Some states are friendly to noncompetes; others aren't. Here's a rough guide.
Unlikely to enforce: California bans nearly all employee noncompetes; a company can be sued for forcing employees to sign one. Georgia's and Wisconsin's laws are nearly as strict--if a single item in an agreement is overbroad, the whole thing gets tossed. Other states in which noncompetes rarely fly include Colorado and Oregon; the latter passed restrictive legislation that went into effect January 1, 2008.
Reluctant to enforce: In most states, courts will enforce noncompetes--but only if the agreements are narrowly drafted to protect trade secrets or customer relationships. Some states allow the courts to "blue pencil" the agreement, which means scratching out an unenforceable term. Other states allow the courts to revise an agreement to make it more reasonable. "Reluctant" states include New York, Massachusetts, and Illinois.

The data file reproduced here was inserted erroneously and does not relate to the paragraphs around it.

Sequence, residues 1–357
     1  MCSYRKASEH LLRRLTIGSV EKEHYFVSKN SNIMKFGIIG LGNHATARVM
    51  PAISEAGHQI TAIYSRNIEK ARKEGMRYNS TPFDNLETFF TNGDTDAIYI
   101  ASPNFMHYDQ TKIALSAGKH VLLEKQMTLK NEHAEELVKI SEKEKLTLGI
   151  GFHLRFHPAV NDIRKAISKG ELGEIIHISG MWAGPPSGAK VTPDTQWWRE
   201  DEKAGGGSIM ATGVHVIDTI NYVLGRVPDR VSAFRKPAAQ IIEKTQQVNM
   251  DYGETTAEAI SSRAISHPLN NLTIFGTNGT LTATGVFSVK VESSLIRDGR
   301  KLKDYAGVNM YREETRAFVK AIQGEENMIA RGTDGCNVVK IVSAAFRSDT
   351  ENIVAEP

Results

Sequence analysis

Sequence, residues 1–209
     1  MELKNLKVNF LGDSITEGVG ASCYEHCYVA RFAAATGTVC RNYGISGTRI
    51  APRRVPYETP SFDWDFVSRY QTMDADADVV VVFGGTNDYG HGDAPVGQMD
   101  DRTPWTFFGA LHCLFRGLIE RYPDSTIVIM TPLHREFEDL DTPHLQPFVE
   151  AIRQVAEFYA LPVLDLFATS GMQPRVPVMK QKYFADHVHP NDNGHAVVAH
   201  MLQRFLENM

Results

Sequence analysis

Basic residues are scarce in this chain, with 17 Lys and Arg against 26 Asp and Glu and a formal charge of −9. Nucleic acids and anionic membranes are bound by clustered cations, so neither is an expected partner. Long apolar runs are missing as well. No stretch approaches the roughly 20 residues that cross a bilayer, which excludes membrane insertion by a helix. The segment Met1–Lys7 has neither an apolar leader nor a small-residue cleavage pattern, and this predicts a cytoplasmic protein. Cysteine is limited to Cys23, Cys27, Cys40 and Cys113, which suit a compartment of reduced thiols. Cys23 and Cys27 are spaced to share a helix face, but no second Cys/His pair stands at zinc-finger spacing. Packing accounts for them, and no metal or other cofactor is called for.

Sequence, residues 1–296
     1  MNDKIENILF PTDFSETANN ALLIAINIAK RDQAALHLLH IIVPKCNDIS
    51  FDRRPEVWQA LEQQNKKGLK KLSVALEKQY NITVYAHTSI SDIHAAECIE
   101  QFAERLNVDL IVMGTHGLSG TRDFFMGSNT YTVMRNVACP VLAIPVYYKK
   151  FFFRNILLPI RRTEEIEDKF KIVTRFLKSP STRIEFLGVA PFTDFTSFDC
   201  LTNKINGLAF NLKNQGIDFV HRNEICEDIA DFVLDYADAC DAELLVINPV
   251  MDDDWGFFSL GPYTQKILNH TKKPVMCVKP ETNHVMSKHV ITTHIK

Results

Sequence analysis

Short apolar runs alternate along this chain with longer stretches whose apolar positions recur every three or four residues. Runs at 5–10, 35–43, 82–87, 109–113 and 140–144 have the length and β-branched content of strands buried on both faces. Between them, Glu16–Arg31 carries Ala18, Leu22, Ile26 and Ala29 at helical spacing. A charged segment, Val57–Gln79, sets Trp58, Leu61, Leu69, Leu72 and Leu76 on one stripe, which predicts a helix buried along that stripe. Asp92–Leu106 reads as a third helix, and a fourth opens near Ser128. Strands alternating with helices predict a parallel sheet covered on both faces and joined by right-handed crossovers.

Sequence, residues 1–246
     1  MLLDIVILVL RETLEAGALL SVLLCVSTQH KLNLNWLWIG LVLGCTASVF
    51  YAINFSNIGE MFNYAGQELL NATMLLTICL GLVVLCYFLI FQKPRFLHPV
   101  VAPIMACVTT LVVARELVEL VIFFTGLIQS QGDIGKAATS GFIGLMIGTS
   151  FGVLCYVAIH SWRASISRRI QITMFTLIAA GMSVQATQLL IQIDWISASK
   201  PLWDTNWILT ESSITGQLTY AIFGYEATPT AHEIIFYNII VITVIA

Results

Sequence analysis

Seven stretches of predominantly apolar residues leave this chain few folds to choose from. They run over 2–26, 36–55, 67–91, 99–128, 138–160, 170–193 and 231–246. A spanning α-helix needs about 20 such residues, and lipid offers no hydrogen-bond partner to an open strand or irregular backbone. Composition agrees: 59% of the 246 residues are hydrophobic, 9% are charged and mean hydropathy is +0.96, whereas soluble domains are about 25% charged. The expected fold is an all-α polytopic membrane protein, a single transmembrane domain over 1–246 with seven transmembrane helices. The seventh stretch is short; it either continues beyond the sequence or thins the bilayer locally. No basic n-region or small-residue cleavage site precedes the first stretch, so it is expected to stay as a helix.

Likely to enforce: Florida law makes noncompetes presumptively enforceable. Other states more likely to enforce noncompetes include Texas, Michigan, and New Jersey.